• appropriate audit evidence by performing audit procedures to afford a
  • reasonable basis for an opinion regarding the financial statements under audit."
  • Either approach to audit sampling, when properly applied, can provide
  • sufficient audit evidence.
representative samples
Representative Samples

A representative sample is one in which

the characteristics in the sample of audit

interest are approximately the same as

those of the population.

Nonsampling risk is the risk that audit

tests do not uncover existing exceptions

in the sample.

representative samples1
Representative Samples

Sampling risk is the risk that an auditor

reaches an incorrect conclusion

because the sample is not

representative of the population.

Sampling risk is an inherent part of

sampling that results from testing

less than the entire population.

slide20
Distinguish between statistical
  • and nonstatistical sampling and
  • between probabilistic and non-
  • probabilistic sample selection.
statistical versus nonstatistical sampling
Statistical Versus Nonstatistical Sampling

Similarities:

Step 1: Plan the sample

Step 2: Select the sample and perform the tests

Step 3: Evaluate the results

statistical versus nonstatistical sampling1
Statistical Versus Nonstatistical Sampling

Differences:

Statistical sampling allows the quantification

of sampling risk in planning the sample (Step 1)

and evaluating the results (Step 3)

In nonstatistical sampling those items that

the auditor believes will provide the most

useful information are selected

probabilistic versus nonprobabilistic sample selection
Probabilistic Versus Nonprobabilistic Sample Selection

Probabilistic sample selection is a method

of selecting a sample such that each

population item has a known probability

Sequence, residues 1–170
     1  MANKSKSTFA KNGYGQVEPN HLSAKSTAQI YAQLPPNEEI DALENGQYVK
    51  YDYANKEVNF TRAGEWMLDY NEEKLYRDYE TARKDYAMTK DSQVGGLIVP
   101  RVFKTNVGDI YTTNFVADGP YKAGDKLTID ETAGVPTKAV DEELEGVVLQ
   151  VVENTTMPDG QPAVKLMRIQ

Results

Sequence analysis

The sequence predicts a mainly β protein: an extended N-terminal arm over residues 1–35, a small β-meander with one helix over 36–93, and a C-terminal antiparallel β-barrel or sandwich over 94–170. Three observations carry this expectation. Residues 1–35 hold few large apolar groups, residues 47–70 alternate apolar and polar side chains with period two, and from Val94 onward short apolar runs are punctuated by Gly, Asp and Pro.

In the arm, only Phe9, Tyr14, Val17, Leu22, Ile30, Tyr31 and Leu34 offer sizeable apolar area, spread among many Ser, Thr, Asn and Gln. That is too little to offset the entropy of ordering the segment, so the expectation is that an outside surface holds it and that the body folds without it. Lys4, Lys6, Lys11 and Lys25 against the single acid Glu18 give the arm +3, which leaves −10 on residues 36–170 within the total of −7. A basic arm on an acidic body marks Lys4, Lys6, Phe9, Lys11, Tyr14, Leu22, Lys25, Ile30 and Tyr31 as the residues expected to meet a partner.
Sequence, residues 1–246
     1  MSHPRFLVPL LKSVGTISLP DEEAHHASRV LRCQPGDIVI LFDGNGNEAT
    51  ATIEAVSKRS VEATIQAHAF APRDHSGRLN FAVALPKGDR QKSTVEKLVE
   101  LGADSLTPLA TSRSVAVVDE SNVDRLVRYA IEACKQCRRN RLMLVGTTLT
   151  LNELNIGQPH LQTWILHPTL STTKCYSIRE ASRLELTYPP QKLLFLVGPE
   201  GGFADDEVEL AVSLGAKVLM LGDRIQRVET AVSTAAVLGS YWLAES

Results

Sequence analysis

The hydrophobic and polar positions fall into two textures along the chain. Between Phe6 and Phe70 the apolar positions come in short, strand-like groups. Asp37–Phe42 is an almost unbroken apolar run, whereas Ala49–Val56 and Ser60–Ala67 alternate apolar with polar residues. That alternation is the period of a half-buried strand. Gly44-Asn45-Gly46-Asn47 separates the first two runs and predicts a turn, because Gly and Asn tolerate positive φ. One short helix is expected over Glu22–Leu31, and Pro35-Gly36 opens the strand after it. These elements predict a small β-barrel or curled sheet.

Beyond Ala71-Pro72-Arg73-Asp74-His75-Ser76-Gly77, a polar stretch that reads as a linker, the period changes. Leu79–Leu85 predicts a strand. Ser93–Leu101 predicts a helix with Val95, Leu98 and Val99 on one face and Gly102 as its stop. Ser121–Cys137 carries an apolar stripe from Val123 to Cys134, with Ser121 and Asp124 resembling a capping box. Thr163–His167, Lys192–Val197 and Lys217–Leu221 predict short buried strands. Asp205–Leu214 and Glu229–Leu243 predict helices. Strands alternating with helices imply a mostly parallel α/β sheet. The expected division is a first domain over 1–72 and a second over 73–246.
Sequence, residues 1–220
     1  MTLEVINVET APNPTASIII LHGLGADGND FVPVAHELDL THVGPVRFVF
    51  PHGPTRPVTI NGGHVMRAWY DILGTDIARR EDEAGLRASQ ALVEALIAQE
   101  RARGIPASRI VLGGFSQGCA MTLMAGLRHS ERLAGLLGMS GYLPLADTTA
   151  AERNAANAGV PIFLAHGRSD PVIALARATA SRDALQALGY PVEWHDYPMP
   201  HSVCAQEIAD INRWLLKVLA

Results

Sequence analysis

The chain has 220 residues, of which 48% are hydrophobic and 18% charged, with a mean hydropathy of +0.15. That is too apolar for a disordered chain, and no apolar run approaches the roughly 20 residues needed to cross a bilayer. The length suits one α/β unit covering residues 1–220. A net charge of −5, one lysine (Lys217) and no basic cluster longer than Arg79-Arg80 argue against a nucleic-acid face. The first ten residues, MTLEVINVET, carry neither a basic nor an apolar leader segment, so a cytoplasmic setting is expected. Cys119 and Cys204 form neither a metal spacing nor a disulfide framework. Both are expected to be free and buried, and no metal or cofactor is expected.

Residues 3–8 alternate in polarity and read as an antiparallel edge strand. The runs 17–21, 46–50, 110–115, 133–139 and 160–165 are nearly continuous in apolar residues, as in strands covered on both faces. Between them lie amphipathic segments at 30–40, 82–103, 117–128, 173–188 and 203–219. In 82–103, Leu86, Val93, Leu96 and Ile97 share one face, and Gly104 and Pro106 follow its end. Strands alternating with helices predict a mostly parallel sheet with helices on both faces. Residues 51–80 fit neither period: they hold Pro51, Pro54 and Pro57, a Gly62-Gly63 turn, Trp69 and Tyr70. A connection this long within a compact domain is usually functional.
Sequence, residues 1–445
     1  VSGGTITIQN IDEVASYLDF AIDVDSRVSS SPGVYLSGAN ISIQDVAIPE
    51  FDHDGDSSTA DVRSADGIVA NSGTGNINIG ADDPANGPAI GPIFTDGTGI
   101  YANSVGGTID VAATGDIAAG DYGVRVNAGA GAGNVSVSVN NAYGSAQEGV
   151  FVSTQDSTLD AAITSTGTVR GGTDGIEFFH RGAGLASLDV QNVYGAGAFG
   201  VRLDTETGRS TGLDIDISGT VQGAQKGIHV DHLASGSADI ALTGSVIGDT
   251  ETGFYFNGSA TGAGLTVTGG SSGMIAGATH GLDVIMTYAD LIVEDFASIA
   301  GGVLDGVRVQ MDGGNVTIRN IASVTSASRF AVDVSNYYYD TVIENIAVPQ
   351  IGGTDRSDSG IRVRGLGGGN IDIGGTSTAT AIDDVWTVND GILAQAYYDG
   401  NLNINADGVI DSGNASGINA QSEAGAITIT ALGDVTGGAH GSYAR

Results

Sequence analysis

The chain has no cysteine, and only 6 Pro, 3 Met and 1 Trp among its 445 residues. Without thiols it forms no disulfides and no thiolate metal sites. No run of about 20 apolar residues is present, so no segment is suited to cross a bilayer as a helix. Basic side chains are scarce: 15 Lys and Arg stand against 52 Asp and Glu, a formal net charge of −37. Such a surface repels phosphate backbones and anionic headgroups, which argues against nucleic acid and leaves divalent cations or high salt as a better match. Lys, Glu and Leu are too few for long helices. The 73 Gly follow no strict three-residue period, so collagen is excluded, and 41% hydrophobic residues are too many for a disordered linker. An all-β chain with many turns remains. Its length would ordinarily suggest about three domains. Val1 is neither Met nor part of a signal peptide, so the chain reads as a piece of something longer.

of being included in the sample.

Nonprobabilistic sample selection is a

method in which the auditor uses professional

judgment rather than probabilistic methods.

probabilistic versus nonprobabilistic sample selection1
Probabilistic Versus Nonprobabilistic Sample Selection

Nonprobabilistic:

1. Directed sample selection

2. Block sample selection

3. Haphazard sample selection

probabilistic versus nonprobabilistic sample selection2
Probabilistic Versus Nonprobabilistic Sample Selection

Probabilistic:

1. Simple random sample selection

2. Systematic sample selection

3. Probability proportional to size sample selection

4. Stratified sample selection

nonprobabilistic sample selection methods
Nonprobabilistic SampleSelection Methods

Directed sample selectionis the selection of

each item based on auditor judgmental criteria.

  • Items most likely to contain misstatements
  • Items containing selected population characteristics
  • Large dollar coverage
nonprobabilistic sample selection methods1
Nonprobabilistic SampleSelection Methods

Block sample selection is the selection

of several items in sequence.

Haphazard sample selection is the selection

of items without any conscious bias on the

part of the auditor.

probabilistic sample selection methods
Probabilistic Sample Selection Methods

A simplerandom sampleis one in which

every possible combination of elements

in the population has an equal chance

of constituting the sample.

  • Random number tables
  • Computer generation of random numbers
probabilistic sample selection methods1
Probabilistic Sample Selection Methods

Systematic sample selection:

The auditor calculates an interval and

then selects the items for the sample

based on the size of the interval.

The interval is determined by dividing

the population size by the number of

sample items desired.

probabilistic sample selection methods2
Probabilistic Sample Selection Methods

Probability proportional to size:

A sample is taken where the probability

of selecting any individual population item

is proportional to its recorded amount (PPS).

probabilistic sample selection methods3
Probabilistic Sample Selection Methods